Infant Sleep

Posted on May 12, 2017 - 3:18pm
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Infant sleep: What an incredibly emotive, and at times, sensitive subject. I Googled “Infant Sleep” and it returned over sixty-six million hits. No wonder there is a lot of confusion and discussion about the best way to deal with this issue.

Conflicting information and advice are the enemies of all new parents. The topics most complained about would have to be Breastfeeding and Infant Sleep.

Every baby and family is unique, which is why I don’t believe we should impose presumptive programmes or regimens on anyone. I believe it is best to wait and see how it naturally pans out in your household.

Having said that, there are still certain things we can do to try and foster good sleeping behaviour in our babies and children, which I outline below.

I recently read a great article on sleep, which had a big impact on me. It looked at the importance of how we view sleep. For example, if children are naughty, they are often sent to bed as punishment. However, sleep is a time when we rest, relax and recharge, so we should therefore view and frame it in a positive light, and begin doing so for our babies from beginning. Perhaps we should be saying to our babies “Aren’t you lucky you are going to have a lovely nap and wake up all refreshed?”.

Adult and baby sleep is very different. Much more Rapid Eye Movement (REM) sleep occurs during baby and infant sleep cycles compared to adults. This is because it is required for the extraordinary brain development that occurs during the early years. This also means that babies will be woken very easily, as REM sleep is ‘lighter’ compared to ‘deep sleep’.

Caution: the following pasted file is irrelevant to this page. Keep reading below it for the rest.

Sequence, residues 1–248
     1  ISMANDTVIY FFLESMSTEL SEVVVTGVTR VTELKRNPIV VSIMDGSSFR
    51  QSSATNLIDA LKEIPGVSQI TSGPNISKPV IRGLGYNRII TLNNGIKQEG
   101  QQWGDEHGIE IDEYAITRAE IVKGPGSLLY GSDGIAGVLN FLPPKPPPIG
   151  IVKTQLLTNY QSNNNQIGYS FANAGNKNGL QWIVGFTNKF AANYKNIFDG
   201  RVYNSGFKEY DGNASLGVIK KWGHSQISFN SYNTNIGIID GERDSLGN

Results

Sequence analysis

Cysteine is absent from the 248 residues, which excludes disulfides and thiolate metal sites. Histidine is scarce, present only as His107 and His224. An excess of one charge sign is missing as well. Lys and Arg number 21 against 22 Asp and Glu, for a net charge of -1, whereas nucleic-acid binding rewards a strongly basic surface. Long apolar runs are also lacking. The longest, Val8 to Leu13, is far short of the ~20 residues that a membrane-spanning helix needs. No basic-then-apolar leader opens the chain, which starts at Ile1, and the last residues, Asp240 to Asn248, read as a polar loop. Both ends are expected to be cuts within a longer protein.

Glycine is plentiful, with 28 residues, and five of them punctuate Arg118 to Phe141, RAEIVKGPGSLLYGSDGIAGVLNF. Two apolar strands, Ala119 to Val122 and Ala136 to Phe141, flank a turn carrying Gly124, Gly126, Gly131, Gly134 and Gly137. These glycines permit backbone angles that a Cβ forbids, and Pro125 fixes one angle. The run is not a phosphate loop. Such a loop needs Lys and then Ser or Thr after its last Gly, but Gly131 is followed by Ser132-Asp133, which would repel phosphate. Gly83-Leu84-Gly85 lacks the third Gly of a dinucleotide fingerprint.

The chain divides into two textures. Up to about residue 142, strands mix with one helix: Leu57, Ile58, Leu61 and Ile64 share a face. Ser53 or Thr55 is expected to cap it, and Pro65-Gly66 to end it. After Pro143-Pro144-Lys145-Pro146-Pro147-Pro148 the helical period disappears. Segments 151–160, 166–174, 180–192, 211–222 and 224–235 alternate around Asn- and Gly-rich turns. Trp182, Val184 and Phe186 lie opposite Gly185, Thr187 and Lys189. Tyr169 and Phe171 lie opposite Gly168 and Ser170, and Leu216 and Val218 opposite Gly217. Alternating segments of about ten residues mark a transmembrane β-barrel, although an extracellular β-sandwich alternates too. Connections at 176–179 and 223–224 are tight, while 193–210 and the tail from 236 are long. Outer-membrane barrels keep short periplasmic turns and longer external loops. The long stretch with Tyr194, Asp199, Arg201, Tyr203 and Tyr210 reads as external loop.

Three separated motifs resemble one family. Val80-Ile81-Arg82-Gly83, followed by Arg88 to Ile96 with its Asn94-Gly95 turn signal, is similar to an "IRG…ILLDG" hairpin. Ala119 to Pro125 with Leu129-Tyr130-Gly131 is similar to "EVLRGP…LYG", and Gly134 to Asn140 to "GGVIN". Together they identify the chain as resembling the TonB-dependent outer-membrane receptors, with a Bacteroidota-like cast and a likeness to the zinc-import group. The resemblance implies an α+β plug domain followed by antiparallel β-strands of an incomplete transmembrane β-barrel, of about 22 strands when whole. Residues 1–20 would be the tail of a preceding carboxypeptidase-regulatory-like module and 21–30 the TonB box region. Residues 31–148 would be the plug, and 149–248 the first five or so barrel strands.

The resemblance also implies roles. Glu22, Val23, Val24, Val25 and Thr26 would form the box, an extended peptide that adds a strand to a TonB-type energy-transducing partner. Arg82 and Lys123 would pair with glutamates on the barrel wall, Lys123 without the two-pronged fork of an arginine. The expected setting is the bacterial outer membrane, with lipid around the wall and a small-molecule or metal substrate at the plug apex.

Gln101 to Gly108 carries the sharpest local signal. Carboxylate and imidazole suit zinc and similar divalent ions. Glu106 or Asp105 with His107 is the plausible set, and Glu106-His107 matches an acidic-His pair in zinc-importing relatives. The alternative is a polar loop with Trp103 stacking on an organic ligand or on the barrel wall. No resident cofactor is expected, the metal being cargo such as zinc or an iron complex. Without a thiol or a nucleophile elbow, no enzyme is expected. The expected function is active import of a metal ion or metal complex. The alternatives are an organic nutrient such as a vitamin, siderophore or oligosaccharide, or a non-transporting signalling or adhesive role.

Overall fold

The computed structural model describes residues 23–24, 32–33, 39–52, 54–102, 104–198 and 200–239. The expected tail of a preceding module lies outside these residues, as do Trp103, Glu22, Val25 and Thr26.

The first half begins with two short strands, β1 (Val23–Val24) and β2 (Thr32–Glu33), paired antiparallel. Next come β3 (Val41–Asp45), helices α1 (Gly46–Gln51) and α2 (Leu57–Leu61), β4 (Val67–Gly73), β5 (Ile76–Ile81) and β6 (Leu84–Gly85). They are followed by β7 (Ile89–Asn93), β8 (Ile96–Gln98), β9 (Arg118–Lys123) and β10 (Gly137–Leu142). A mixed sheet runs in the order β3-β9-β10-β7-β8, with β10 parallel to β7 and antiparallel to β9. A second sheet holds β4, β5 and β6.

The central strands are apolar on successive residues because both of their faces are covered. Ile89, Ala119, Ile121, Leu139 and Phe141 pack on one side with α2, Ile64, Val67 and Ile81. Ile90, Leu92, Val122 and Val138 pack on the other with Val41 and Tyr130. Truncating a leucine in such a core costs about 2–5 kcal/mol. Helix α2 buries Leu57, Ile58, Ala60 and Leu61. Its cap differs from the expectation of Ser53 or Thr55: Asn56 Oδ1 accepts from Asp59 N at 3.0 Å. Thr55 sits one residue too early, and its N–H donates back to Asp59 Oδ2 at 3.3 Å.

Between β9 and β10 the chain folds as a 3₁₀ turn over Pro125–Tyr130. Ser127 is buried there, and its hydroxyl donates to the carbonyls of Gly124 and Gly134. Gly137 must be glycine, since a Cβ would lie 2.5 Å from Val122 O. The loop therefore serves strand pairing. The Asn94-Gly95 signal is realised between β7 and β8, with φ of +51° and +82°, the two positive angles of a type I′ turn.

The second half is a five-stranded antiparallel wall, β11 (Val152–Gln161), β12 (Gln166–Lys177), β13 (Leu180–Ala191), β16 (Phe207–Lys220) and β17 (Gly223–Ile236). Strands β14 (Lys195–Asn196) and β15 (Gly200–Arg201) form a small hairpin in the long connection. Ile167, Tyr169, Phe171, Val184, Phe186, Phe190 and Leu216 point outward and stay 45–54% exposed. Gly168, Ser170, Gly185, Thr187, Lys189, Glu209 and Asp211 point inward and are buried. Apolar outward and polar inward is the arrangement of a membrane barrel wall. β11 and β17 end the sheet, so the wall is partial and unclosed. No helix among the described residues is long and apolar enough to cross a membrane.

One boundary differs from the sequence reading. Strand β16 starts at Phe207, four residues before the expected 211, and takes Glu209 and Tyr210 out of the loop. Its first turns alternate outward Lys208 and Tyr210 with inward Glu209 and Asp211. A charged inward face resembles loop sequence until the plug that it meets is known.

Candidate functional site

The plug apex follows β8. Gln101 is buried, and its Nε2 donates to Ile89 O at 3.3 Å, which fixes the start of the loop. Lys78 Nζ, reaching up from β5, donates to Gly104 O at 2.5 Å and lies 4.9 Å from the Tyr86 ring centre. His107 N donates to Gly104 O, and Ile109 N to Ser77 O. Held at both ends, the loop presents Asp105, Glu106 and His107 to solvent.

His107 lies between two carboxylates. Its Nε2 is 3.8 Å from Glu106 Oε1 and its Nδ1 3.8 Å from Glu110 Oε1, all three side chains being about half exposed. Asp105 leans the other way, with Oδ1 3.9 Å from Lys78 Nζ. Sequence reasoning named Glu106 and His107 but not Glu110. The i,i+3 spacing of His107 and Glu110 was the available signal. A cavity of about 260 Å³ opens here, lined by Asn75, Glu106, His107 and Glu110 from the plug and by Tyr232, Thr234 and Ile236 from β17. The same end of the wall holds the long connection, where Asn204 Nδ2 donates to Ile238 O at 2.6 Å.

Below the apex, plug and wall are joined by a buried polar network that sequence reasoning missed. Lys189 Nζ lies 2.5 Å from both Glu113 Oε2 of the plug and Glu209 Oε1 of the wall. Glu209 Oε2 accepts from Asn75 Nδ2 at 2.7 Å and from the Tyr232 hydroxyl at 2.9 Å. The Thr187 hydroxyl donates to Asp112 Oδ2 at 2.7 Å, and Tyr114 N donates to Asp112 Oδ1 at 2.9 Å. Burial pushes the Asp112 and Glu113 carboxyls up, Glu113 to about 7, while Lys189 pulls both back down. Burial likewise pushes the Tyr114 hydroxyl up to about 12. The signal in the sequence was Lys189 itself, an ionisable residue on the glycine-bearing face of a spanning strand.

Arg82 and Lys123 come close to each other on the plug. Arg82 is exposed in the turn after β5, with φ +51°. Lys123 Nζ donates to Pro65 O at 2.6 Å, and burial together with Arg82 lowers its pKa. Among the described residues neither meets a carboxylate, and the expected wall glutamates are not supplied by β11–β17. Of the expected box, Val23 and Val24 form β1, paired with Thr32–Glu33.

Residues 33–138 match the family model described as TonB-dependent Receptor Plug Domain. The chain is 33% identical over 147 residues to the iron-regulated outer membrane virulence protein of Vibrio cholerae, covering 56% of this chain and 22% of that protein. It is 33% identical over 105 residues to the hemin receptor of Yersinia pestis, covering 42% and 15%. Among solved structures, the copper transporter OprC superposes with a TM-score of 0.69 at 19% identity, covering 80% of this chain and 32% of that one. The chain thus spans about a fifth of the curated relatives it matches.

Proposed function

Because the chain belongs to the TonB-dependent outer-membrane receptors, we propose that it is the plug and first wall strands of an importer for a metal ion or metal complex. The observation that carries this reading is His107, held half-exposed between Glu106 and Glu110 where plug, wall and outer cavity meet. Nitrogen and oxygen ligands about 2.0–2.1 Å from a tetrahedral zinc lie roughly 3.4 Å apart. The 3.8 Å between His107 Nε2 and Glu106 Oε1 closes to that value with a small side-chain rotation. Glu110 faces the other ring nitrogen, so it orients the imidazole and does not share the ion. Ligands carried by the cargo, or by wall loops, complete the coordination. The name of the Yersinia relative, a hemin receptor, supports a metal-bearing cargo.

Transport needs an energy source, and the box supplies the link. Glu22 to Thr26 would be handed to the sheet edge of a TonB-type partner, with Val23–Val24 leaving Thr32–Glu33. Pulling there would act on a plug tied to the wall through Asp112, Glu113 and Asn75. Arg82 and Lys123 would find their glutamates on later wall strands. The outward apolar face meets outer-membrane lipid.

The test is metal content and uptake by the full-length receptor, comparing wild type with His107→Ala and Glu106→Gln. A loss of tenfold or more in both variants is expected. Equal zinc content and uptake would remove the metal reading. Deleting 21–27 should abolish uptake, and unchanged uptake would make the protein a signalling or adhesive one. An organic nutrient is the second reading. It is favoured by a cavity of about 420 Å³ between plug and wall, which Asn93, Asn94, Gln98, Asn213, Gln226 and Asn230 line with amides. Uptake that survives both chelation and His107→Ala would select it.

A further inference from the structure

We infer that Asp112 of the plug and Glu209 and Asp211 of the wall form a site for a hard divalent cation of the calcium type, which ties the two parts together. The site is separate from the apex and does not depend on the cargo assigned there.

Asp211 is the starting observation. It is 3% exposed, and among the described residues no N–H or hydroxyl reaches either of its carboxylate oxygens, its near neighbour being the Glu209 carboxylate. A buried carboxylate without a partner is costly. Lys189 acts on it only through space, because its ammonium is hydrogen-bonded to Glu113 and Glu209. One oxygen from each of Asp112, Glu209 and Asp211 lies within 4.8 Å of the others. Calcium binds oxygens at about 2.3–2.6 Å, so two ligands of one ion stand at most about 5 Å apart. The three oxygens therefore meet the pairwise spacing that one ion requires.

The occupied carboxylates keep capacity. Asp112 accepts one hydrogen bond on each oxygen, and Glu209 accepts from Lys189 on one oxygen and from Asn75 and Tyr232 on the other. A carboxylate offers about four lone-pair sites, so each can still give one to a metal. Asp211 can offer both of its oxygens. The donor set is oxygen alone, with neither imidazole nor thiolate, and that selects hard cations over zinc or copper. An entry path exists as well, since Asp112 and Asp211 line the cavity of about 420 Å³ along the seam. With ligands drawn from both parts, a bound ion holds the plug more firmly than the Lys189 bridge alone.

We also need to remember that breast milk is super-digestible, so most babies will need to feed approximately every three hours for the first couple of months. At around two months of age, your baby will tend to have a longer sleep at night. Prior to this, most babies don’t know the difference between day and night. It is therefore important that more “action” occurs during the day, and ideally none at night, just feed and back to bed. This will assist your baby in knowing the difference.

Some things that may help:


Consistency is extremely important for a new baby. Try and do the same things at the same time each day, where possible. In my opinion, most new mothers try to do too much. For example, bath the baby at the same time, take the baby for a walk in the pram, at the same time.


This doesn’t need to be a complicated regimen, but more like a system of A, B, C and D. Think about how you go to bed each night. Most of us have a night time ritual, be it something like check the doors, clean your teeth, set the alarm clock, put some moisturiser on. Each one of those steps assists in turning your brain off a little and preparing for sleep, so that by the time you get into bed you are (hopefully) ready to go to sleep. If you did none of these ritual type activities I would be confident that you would be wide awake when you got into bed and would have more difficulty dropping off to sleep.